Despite how strong it may be, a lock is only as effective as the structure it is attached to. A bike locked to a metal bike rack is generally safe.
By following these tips, you can significantly reduce the risk of your bike being stolen and increase its chances of recovery if it is. Remember, the best way to protect your bike is to take preventive measures and be vigilant about your surroundings.
Well, in that case, you better hope to have detailed information about your bicycle. The main way bikes are recovered is via a Vehicle Identification Number (VIN) linked to an owner. This concept is not new, however, it is severely hampered by the fact that people often do not know the VIN number on their bikes and do not have it recorded anywhere. The sad reality is that not many bikes return to their owners. Even more so for expensive bikes that are the prey of professionals, and in this situation having a bike GPS tracker can be very useful.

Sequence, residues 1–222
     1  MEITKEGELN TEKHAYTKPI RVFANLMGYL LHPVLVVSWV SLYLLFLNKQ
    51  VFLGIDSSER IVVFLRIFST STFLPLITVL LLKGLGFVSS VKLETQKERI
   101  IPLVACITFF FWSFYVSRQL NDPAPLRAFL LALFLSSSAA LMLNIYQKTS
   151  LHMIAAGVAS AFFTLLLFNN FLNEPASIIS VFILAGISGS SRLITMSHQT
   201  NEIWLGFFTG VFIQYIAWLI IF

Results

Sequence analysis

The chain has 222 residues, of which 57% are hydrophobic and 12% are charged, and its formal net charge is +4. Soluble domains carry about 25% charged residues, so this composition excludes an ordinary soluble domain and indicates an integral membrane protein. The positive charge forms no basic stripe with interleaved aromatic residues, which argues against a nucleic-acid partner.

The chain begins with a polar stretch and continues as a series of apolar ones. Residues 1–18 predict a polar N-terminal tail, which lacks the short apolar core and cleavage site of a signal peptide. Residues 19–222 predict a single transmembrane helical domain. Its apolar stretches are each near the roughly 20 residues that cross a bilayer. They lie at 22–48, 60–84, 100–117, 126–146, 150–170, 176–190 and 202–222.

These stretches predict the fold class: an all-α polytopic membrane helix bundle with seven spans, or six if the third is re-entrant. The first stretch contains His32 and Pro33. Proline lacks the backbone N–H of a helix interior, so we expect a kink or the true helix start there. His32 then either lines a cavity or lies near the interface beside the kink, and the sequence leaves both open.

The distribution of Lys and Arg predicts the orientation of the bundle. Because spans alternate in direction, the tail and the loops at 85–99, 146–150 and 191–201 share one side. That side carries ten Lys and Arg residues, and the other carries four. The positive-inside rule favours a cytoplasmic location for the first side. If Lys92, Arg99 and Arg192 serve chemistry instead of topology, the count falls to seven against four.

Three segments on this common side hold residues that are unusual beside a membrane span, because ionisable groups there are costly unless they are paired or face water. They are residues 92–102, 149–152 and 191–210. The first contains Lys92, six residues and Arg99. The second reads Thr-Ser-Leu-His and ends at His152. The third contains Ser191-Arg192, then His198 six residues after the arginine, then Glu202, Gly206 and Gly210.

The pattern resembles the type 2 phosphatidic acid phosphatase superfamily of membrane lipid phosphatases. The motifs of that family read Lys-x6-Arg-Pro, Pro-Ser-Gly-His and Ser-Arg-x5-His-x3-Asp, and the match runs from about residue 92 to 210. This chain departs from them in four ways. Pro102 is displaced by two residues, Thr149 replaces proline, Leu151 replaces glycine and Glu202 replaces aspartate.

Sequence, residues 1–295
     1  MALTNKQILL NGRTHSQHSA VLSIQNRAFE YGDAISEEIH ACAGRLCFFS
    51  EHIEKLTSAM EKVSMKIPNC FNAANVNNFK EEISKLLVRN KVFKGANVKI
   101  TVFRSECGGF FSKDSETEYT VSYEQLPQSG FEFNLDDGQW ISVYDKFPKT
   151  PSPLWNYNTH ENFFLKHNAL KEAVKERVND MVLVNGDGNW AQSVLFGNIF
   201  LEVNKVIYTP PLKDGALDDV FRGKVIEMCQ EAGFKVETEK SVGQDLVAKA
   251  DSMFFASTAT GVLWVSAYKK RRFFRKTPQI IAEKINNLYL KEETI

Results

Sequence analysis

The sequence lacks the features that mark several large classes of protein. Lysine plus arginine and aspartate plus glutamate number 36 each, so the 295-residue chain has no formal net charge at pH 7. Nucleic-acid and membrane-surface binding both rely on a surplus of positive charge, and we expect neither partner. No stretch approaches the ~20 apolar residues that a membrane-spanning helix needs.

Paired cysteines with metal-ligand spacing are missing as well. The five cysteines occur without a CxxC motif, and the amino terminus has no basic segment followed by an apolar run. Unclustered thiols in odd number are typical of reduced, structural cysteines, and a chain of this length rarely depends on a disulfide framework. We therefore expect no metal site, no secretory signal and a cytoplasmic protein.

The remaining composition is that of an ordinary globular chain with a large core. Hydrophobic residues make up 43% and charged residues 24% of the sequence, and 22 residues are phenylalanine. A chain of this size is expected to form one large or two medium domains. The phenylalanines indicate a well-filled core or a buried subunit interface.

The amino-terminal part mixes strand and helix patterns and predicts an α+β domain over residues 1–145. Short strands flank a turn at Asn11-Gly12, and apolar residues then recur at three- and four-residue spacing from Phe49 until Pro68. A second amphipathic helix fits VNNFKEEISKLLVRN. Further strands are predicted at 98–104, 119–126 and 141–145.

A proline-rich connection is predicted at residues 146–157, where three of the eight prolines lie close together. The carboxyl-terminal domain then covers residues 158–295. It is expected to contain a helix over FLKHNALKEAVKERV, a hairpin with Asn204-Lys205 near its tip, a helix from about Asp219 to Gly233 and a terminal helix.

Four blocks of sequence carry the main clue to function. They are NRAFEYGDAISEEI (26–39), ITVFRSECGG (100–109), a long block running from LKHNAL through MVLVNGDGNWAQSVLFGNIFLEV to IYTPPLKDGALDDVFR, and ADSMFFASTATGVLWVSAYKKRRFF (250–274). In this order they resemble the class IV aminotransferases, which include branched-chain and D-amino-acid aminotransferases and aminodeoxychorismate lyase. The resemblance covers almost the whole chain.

Unfortunately, while a lock remains the most effective way to prevent theft, it does little to aid recovery. Hopefully, you would not be one of 80% of victims that do not report the theft to the police. Most bike thefts never get reported, the principal reasons being the same for decades:
There is a lot of truth in the second point as UK media Telegraph reports that the investigation suggests the national average for a suspect being identified and charged was just 1.4 percent in 2020. Just 1.4%.
Bike tracking devices, such as BikeFlare VISIO can help during and after the theft. The device is hidden and integrated into the handlebars and can help deter theft with its integrated sound alarm or let you know when and where the bike was taken.
Read more about the topic :
The Problem of Bike Theft in Europe and the USA and Ways to Improve the Situation
Bike Thieves and Most Common Bike Theft Areas
Choosing the Best Bicycle Tracker and Alarm
What Types of Bikes get Stolen Most Often
Bicycle theft research project: report to the State Bicycle Committee of Victoria
Bike thefts left unsolved in nearly 90pc of neighbourhoods - The Telegraph